ALBANY — New York state on Monday warned health insurers they would lose state contracts if women on Medicaid are denied their choice of higher-cost, brand-name contraceptives unless cheaper, generic methods “fail first.”
The move comes after The Associated Press reported Monday that some New York Medicaid patients were told they had to switch to lower-cost contraceptives unless the cheaper measures failed, resulting in pregnancy, bleeding or nausea.
The conflict stems from an apparently unintended consequence of a cost-cutting measure in effect since October. That state measure sought to substitute a cheaper, generic birth control pill for contraceptives such as the monthly NuvaRing or weekly patch.
“If a health plan is not attentive to the needs of its patients, they will no longer be a contracted health plan with New York’s Medicaid program,” said James Introne, Gov. Andrew Cuomo’s deputy secretary for health. “If there is resulting patient discomfort with a health care plan or its policies, it is a situation that the state will remedy.”
Introne said that although he sees no “significant level of complaints,” it is critical for women to be comfortable with their birth control method.
“A woman’s ability to access birth control is a priority for New York’s Medicaid program,” Introne said.
Leslie Moran of the New York Health Plan Association, a statewide health insurance industry lobbying group, said companies are working to resolve disputes.
“Plans have worked with the state, and continue working with the Department of Health, to both assure access and to address any issues that might arise in a timely manner,” Moran said. “As previously indicated, all plans cover a variety of contraceptive methods — generics, brand name or both — because they are committed to ensuring women have access to this important coverage.”
The state, women’s health advocates and insurance companies had been working on the issue since shortly after Oct. 1 when the change took effect.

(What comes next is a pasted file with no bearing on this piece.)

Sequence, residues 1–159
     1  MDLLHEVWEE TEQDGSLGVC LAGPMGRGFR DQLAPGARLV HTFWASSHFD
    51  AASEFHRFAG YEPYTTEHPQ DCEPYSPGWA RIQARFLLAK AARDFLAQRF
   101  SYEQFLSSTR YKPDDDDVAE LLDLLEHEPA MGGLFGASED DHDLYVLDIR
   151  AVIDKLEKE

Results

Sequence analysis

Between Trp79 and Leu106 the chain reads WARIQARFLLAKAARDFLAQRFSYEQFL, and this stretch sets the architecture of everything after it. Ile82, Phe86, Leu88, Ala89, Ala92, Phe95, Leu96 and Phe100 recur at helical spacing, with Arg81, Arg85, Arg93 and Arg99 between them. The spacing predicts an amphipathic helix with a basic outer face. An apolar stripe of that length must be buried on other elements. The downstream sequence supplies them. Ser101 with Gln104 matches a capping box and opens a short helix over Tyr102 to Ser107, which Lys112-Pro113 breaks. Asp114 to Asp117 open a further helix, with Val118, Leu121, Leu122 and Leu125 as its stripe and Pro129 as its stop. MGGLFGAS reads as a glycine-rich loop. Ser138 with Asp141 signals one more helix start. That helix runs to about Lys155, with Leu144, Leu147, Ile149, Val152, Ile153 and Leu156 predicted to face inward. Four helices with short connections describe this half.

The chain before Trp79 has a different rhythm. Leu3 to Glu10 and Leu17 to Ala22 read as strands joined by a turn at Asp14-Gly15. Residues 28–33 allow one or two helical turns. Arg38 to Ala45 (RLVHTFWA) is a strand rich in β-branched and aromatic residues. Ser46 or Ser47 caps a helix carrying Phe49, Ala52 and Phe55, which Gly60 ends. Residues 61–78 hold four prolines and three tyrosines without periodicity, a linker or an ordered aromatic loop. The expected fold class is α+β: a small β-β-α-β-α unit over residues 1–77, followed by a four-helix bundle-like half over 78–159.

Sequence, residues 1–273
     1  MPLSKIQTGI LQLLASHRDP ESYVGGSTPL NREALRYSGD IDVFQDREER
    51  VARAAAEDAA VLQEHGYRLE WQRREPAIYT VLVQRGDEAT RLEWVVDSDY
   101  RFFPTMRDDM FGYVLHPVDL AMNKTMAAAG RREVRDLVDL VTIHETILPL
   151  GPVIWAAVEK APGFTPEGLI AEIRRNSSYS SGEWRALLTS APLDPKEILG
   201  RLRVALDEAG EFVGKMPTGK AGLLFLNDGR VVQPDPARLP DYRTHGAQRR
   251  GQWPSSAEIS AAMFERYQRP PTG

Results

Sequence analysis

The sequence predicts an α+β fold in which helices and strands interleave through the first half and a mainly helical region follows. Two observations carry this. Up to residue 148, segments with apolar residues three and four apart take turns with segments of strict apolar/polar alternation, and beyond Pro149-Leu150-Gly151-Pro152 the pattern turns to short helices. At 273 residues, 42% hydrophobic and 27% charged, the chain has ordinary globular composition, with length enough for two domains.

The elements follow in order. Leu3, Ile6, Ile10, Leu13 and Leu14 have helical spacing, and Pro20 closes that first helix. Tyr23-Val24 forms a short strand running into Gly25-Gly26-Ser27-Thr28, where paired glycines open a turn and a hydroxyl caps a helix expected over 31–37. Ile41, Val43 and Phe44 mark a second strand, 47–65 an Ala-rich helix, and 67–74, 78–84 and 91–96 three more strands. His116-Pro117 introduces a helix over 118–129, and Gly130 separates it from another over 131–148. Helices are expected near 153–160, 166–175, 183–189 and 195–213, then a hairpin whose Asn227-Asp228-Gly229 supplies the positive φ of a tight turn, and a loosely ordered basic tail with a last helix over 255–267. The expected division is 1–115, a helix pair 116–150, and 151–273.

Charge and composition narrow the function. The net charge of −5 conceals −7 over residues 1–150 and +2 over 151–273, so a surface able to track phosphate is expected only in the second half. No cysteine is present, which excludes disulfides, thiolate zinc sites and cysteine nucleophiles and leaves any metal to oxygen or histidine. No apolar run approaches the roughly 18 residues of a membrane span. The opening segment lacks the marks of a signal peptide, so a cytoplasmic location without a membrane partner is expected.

Contraceptives work best when women are comfortable with them, and a change can trigger adverse physical reactions, said M. Tracey Brooks, CEO of Family Planning Advocates in Albany. In addition, telling a woman she must stop using her weekly or monthly contraceptive and instead take a daily pill could lead to a greater chance of forgetting to take the daily dose, which must be done at the same time of day.
“Once again, Governor Cuomo has stood up for the women of New York State and has ensured that Medicaid meets their family planning needs,” Brooks said in a statement reacting to Introne’s announcement.
The state’s Medicaid cost-cutting effort, which has reduced billions of dollars in government costs for the federal-state health care program for the poor. Before the state undertook the effort, it had been spending as much as $53 billion annually on a program that was the most expensive and most generous in the nation in terms of optional services for its nearly 5 million residents on Medicaid.
One measure that took effect Oct. 1 required private insurers in the managed care program to use generic prescriptions whenever possible.
Not all participating private insurers cover the once-a-month NuvaRing or weekly patch contraceptives, which would leave some women who receive Medicaid unable to get those devices. Further, the insurers that do offer one or more of the newer contraceptives have denied the doctor-prescribed contraceptive under the directive.
Some women appealed the decision, which is allowed under the state regulations, although the state has no data on how many have done so.
“The system is working for millions of women, but it is an ongoing process,” said Moran of the New York Health Plan Association. “The plans, with the state, are constantly updating their policies.”